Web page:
Sowing seeds in the growing season is incredibly exciting. Think about all the fresh and tasty homegrown produce to come within the next couple of months. To begin the process of seed sowing, you’ll need some good seed starting mix. A good seed starting mix is expensive unless you make your own. The perfect seed starting mix mustn’t be too high in nutrients which could harm delicate seedlings. Overly wet conditions can rot seeds and encourage fungal diseases such as damping off. Mixing your own potting mix blend is easy and it means you have complete control of one of the most critical steps in the growing process. For container gardeners, a high quality potting mix is a must. Making your own potting mix allows you to better cater to the needs of your plants. The results are more stable and consistent and you save a ton of money.
Making the Seed Starting Mix
Here’s a very simple soilless recipe which is beautifully light and fluffy. All the ingredients are natural too, promoting good strong growth and healthy happy seedlings. Begin with 2 parts compost as your base. All parts measured by volume, so it doesn’t matter what you use to measure your ingredients as long as you are consistent. The compost adds slowly released nutrients to the mix, which will help to feed seedlings as they grow. You can use your own garden compost or buy some in. Once you have the compost, break the clumps with your hands and sieve the compost to get a fine even texture.
Now add 2 parts coir or coconut fiber. Coir is extracted from coconut husks making it a sustainable and good alternative to peat or peat moss. Extracting peat can damage fragile ecosystems and it contributes to climate change. So it’s always better to avoid using it. If you bought your coir as a block, rehydrate it first by soaking it in a bucket with water until you can easily break it apart. If you prefer, you may substitute well rotted leaf mold in place of the coir. The coir or leaf mold contribute bulk to the seed mix and are great for moisture retention.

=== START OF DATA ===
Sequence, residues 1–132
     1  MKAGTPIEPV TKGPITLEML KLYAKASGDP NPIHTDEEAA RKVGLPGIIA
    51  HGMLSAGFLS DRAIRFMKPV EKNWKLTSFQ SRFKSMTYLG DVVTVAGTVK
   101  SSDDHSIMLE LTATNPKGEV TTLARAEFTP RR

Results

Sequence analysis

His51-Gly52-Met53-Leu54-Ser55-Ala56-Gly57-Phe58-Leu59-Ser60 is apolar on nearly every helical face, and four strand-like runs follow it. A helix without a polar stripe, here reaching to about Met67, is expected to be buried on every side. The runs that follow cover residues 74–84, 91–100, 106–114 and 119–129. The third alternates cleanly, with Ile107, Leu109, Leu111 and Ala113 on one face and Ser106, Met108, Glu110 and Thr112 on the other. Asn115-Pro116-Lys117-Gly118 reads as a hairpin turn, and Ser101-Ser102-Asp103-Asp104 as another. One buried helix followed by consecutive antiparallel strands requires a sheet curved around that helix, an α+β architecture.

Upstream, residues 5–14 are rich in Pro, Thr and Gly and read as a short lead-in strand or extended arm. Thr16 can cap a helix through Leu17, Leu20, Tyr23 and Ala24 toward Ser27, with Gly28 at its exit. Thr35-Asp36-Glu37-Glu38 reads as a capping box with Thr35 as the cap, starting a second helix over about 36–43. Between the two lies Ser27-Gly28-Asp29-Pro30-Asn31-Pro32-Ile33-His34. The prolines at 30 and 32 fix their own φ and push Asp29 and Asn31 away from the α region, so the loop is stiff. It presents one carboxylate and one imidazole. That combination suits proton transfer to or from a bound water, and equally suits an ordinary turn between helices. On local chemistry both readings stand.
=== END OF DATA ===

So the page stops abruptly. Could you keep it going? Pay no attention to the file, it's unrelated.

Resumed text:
Finally add one part perlite which will improve the air content of the mix. If you prefer not to use perlite, then you may substitute sand though it will give you a heavier mixture. Use a spade or your hands to mix all of the ingredients together. Take your time and be thorough. You need a consistent mix with all of the ingredients evenly distributed. Once you are done, store the seed starting mix in a properly closed container or in a potting soil sack. Don’t forget to store your mix in a dry and cool place until you use it to sow seeds.
Many seedlings need potting on into larger containers at least once before it’s time to plant them out. Most will be happy in the same seed starting mix. But the hungriest seedlings like tomatoes and watermelons appreciate something little bit richer. Adding some worm compost to the mix gives the additional nutritional boost you are after.
Making the Container Potting Mix